- Back to me and my fellow sufferer. I felt him first even before I saw him.
- He was obviously frustrated over something and I could smell his thin armpit sweat from an isle away.
- He was flipping all the available milk packets over and cross referring to a long list he held on the other hand.
There is something about men and shopping in the supermarket that is harder than nuclear science and brain surgery.
No amount of tutoring in the institution of marriage is enough to prepare a man for an unaccompanied shopping outing in the supermarket, especially if the shopping list exceeds two items.
The biggest dilemma is where to find the desired items from the shelves. Even when they have located the particular shelf, their next struggle is to find the particular brand, variety and stock keeping unit.
Over the weekend I was pushing the big trolley ahead of me in one of the emerging supermarkets. I always push the big trolley even when I am just picking bread and milk.
Trolley size is a measure of status, and it also influences the kind of attention you are going to receive from the cashiers and other supermarket attendants. The bigger the better.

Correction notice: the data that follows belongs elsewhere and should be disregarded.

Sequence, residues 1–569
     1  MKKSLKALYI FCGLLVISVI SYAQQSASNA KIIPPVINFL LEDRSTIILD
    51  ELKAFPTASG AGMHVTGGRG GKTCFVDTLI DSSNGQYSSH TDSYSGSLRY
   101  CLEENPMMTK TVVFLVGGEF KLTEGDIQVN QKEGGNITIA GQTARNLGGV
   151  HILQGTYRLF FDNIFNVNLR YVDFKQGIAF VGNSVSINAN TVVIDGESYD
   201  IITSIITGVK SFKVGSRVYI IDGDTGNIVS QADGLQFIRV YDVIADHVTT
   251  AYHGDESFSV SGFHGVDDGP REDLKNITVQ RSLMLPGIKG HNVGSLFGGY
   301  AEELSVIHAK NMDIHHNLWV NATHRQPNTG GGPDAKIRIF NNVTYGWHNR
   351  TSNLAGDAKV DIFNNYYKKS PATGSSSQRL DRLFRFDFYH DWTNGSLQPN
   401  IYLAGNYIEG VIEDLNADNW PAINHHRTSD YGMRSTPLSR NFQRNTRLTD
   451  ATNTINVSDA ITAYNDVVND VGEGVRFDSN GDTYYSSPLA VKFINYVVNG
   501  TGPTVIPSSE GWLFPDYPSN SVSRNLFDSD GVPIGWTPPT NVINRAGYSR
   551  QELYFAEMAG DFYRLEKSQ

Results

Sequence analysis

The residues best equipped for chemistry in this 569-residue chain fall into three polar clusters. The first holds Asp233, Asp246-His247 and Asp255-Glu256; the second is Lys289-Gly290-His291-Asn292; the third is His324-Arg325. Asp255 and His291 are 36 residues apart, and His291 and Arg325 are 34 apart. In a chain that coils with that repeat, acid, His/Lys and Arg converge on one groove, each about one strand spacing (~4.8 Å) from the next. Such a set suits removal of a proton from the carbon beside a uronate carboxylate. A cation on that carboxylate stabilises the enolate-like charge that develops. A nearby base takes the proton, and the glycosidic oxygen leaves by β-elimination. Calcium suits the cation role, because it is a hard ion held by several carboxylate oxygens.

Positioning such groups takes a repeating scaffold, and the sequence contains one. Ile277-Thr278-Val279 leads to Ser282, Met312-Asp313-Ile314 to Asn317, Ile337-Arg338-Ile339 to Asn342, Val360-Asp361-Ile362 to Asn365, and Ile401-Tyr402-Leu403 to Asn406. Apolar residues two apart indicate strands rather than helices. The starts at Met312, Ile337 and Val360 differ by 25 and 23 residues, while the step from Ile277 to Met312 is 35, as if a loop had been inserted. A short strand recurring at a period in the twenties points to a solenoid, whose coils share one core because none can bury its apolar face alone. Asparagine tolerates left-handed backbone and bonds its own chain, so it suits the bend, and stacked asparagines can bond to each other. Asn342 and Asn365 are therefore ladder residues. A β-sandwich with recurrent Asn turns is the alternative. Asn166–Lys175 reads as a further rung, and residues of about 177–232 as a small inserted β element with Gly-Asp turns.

I arrived at the milk section and encountered this gentleman and fellow sufferer. Men suffer in the supermarket because we can’t seem to trace anything from the shelves even when the items have been written clearly on the shopping list.
Furthermore, our pride does not allow us to ask questions and seek guidance from the shelf attendants because we believe that asking for help is a preserve of the weak.
We similarly suffer when we are accompanied by our spouses, because ladies seem to take an average of five minutes per item, making an erstwhile simple afternoon groceries shopping outing into a full day affair.
And finally, when we are accompanied by other dependents that we sponsor in one way or another, it eventually turns into a nightmare because a trolley that was meant to carry groceries ends up being loaded with a fridge, a wall to wall carpet and assorted furniture items.
It is always a losing game; whichever way we look at it.
Back to me and my fellow sufferer. I felt him first even before I saw him. He was obviously frustrated over something and I could smell his thin armpit sweat from an isle away. He was flipping all the available milk packets over and cross referring to a long list he held on the other hand.
Definitely what he was looking for was not stocked in this supermarket.